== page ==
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Sir Teddy Taylor: Neither the Government Whips nor the Opposition Whips would appoint anyone to a Committee unless they had special qualifications. Is my right hon. and learned Friend suggesting that Government and Opposition Whips send any old rubbish up to the Committee? Of course, they do not.
Mr. Deputy Speaker: Order. I should point out to the hon. Member for Rochford and Southend, East (Sir T. Taylor) and other right hon. and hon. Members that we are now straying well away from the motion.
I have asked the Minister three questions, which I hope he will answer. I merely want to establish whether this is simply a bit of fun--an irrelevant nonsense. Is it just a case of our having to send some documents to those in Europe--and if they do not like what we send, too bad--or is it serious business? If it is serious business, some of us would like it to come to the House of Commons, so that we can look at it carefully. If, on the other hand, this is simply something that we have to do, and we are going to send something that is not too accurate without including--as we are meant to--comparisons with other member states, some of us would like to know that.
I have been asking such questions for a long time. The Minister was very helpful in saying that he would ensure that the House of Commons Library had a copy of what the Government sent to the Commission, but I want him to answer my questions. I want to know--I have tried to find it out from Ministers responsible for Europe before, in the present and the last Government--whether this is serious business, or simply something we have to do that does not matter too much.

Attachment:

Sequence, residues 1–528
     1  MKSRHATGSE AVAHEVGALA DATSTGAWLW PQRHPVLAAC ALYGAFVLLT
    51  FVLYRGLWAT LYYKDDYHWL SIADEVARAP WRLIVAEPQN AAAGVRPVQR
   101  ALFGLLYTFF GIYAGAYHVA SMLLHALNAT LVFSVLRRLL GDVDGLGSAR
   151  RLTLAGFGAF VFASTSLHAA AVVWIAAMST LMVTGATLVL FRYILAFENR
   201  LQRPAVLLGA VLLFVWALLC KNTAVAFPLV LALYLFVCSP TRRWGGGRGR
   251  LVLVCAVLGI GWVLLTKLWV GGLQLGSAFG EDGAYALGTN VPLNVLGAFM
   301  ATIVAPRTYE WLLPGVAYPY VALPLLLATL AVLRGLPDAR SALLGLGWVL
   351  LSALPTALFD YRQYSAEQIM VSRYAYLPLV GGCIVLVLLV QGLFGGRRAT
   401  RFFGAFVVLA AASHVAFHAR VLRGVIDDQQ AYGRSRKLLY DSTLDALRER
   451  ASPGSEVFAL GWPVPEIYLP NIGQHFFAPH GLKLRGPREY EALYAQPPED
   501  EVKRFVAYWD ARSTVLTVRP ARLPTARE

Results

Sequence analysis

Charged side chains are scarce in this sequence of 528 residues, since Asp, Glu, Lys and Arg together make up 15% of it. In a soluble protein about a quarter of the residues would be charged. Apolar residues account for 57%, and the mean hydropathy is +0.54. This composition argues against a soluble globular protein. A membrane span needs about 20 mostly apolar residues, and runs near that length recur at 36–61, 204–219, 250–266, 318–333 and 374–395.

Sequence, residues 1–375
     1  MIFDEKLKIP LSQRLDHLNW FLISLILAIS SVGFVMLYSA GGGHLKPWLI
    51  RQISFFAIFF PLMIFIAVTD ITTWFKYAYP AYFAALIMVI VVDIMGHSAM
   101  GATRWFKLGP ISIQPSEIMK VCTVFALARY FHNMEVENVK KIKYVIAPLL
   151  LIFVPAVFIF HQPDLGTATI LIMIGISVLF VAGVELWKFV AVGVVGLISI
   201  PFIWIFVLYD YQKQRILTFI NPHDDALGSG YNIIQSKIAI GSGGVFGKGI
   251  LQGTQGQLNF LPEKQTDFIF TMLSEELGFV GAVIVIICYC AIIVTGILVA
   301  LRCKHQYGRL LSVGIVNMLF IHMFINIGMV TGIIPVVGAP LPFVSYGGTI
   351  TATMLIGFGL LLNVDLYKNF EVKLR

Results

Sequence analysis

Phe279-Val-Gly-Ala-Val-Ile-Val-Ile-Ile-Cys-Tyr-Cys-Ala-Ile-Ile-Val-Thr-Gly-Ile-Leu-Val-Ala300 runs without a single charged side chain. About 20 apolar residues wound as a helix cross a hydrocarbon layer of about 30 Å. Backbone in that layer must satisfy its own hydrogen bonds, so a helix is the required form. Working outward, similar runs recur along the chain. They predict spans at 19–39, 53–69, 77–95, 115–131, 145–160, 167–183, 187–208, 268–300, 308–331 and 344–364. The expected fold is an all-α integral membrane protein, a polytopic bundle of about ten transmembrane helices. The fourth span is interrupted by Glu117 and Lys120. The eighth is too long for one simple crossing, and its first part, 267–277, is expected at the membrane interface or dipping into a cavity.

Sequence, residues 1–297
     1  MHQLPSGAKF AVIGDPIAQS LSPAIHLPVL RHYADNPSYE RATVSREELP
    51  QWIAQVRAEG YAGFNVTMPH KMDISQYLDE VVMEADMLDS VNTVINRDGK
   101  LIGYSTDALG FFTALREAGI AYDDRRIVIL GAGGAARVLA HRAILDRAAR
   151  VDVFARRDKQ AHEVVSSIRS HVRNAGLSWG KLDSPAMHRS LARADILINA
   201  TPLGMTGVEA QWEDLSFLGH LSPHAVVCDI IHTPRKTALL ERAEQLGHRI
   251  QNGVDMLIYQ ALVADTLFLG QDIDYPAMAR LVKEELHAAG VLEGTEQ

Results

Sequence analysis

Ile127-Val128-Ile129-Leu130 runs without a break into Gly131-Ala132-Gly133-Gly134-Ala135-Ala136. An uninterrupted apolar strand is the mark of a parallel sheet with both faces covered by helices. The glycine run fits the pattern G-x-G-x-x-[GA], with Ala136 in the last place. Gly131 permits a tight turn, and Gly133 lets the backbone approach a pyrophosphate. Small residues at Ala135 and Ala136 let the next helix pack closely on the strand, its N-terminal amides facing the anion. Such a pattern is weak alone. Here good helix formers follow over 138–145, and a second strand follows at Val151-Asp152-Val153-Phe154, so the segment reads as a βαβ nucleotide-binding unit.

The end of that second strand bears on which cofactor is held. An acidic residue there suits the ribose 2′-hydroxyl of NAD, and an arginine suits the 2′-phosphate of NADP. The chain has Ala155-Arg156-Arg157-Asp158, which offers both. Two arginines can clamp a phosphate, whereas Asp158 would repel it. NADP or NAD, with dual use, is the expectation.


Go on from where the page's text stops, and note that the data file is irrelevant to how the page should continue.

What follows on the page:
Mr. Gerald Howarth (Aldershot): I do not want to detain the House for long, but I think it important to discuss whether these matters should be considered on the Floor of the House, or treated as delegated legislation and discussed by a Committee with just a few members. While I accept that any Member of the House would be entitled to speak, a Committee debate would take place away from public view, and would not have the prominence that would be given to a debate on the Floor of the House.
I enjoyed one or two benefits as a result of sitting out the last Parliament and resting between engagements. I did not have to vote on the Maastricht treaty, and on legislation similar to what we are discussing now. That was one of the pleasures of not being in the last Parliament. I will say that, had I been here, I would unquestionably have voted against the Maastricht treaty. I abstained when the Prime Minister came back from Maastricht in December 1991, but as I was then parliamentary private secretary to my right hon. and noble Friend Lady Thatcher, I was obliged by convention not to vote against a matter of important Government policy. However, I did not have to vote for that legislation--the motion arises from the obligations assumed by the United Kingdom as a result of the Maastricht treaty.
I think that my hon. Friend the Member for Buckingham (Mr. Bercow) was a smidgen uncharitable to the Minister, who treats the House with courtesy and tries to explain as much as possible to enable the House to reach a judgment. However, on this occasion the Minister has not explained--as I hope he will a little more--about the information that is required under article 103(3) of the treaty establishing the European Community.